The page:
Brown went the first three days of this year's training camp without even having his players go 5-on-5. He can teach the way he wants to teach. Spend one day on defense. Spend the next on the new Princeton-style offense the Lakers are implementing. He can marinate.

His coaching staff, much of it new, also has it much better than the guys did last year.

Eddie Jordan has replaced John Kuester as the de facto offensive coordinator. Kuester -- who has since been reassigned as an East Coast scout -- had a finite amount of time to tailor some sort of offense to best serve three post-up players in Bryant, Andrew Bynum and Gasol. He had the unenviable task of telling a core of players that had won multiple championships with the triangle offense that they had to do it a different way. And he had to do it without having the benefit of establishing trust and a relationship with the guys beforehand because, like Brown, he was forbidden from communication during the lockout. Jordan, meanwhile, has been in the gym with Lakers players all summer long. He even went to Las Vegas during USA Basketball training camp to personally meet Bryant and plant the first seeds of his Princeton sets in Bryant’s mind man to man, face to face.

Steve Clifford and Bernie Bickerstaff are in too, replacing Ettore Messina and Quin Snyder, who left to coach CSKA Moscow together.

Messina waited more than 20 years coaching in Europe for the right time to come to the NBA and had such a difficult experience because of the lockout-shortened season that he jumped at the first chance to go back overseas. He never found his comfort zone.

Snyder became the most popular coach on the staff with the team, which isn't the safest person to be when you're working for a coach in his first year with the team who is still trying to establish his own job security. Snyder took a deal worth around $750,000 a year to be Messina's associate head coach, according to sources.

Clifford comes in with an existing relationship with Howard, having coached him in Orlando the last five years. Bickerstaff has known Brown for two decades and gave him his first job in the league. Their roles are more clearly defined than Messina's and Snyder's were. There is already a real sense of purpose from the staff this year.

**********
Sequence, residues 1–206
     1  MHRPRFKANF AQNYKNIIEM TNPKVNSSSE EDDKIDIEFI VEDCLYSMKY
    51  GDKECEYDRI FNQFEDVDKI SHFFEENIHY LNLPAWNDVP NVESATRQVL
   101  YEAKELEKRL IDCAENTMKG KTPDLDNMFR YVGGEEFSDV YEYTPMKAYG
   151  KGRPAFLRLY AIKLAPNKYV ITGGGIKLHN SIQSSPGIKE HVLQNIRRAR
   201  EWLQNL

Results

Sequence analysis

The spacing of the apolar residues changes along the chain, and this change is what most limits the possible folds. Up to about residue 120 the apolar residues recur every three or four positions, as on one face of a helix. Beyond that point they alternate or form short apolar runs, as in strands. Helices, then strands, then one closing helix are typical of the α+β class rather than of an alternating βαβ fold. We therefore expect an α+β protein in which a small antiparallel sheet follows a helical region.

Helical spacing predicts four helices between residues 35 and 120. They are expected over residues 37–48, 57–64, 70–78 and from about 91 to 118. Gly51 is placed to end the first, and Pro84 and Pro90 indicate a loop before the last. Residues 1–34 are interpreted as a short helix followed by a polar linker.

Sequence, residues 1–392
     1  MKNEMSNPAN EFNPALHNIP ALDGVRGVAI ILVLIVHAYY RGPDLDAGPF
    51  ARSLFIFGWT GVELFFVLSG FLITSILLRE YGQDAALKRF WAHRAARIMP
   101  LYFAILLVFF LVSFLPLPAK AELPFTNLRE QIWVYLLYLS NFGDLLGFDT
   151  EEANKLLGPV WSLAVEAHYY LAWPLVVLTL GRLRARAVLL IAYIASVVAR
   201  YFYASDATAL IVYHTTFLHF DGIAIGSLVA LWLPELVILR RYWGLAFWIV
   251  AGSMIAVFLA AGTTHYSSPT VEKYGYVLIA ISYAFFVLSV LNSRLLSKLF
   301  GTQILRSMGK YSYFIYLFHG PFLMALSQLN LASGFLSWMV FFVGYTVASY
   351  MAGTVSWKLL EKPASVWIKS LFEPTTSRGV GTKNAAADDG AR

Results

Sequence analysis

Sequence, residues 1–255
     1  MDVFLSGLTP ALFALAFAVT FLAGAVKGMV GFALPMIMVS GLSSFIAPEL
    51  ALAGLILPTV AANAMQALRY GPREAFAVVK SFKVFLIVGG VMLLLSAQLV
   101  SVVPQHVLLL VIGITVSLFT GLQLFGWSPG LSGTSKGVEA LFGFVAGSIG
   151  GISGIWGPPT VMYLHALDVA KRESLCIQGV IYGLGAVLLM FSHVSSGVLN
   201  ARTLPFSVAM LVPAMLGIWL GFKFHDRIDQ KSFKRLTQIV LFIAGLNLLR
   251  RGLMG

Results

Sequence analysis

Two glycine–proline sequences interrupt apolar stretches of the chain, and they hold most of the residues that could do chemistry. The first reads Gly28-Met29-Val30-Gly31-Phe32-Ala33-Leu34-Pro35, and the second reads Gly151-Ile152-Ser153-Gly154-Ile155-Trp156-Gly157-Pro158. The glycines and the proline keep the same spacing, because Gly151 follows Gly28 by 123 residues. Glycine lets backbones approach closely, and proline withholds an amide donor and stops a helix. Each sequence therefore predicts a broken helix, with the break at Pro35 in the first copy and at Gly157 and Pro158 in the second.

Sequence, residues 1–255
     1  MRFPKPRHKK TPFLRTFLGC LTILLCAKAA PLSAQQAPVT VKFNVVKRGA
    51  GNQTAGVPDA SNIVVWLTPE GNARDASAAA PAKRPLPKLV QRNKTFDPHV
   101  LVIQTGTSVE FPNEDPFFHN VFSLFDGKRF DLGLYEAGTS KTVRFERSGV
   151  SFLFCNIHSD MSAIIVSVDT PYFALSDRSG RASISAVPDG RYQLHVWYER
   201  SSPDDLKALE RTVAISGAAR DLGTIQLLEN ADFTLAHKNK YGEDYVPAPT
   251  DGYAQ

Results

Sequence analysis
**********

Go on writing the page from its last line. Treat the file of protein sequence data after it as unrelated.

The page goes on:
And of course the players are night and day. Everyone tried to convince themselves that last year's offseason acquisitions of Troy Murphy, Jason Kapono and Josh McRoberts would suffice, when really a haul like Howard, Nash, Antawn Jamison and Jodie Meeks is the stuff that championships are made of.

All of that change is a lot for any group to handle and it would be natural if the weight of expectations pressured everyone involved, but the Lakers seems to be blocking all of that out. The early attitude the team is adopting is that with this personnel, if they go about everything the right way from the beginning, their championship goal is entirely possible.

"These (past) two years have been a little rough just because we didn't accomplish the things we wanted to accomplish," Gasol said. "We had a lot of stuff going on, but it's good to put all that behind us and take this year as the most important year we have. We have a great opportunity here and we have to dedicate ourselves to it so we can make this a successful year."

Back to Howard and the Big Ball. Gasol actually matched his hand up to Howard's after Bryant did. Howard said his and Gasol's hands were the same size.

Then the three of them discussed the best way to pass back out to the perimeter when the ball was in the post. A little breathing room created the opportunity for some genuine camaraderie, which in turn allowed for an impromptu meeting of basketball minds to occur.

As big as the expectations are for the Lakers this season, they're taking the time to do the little things and more important they have the time to do the little things. That could make all the difference.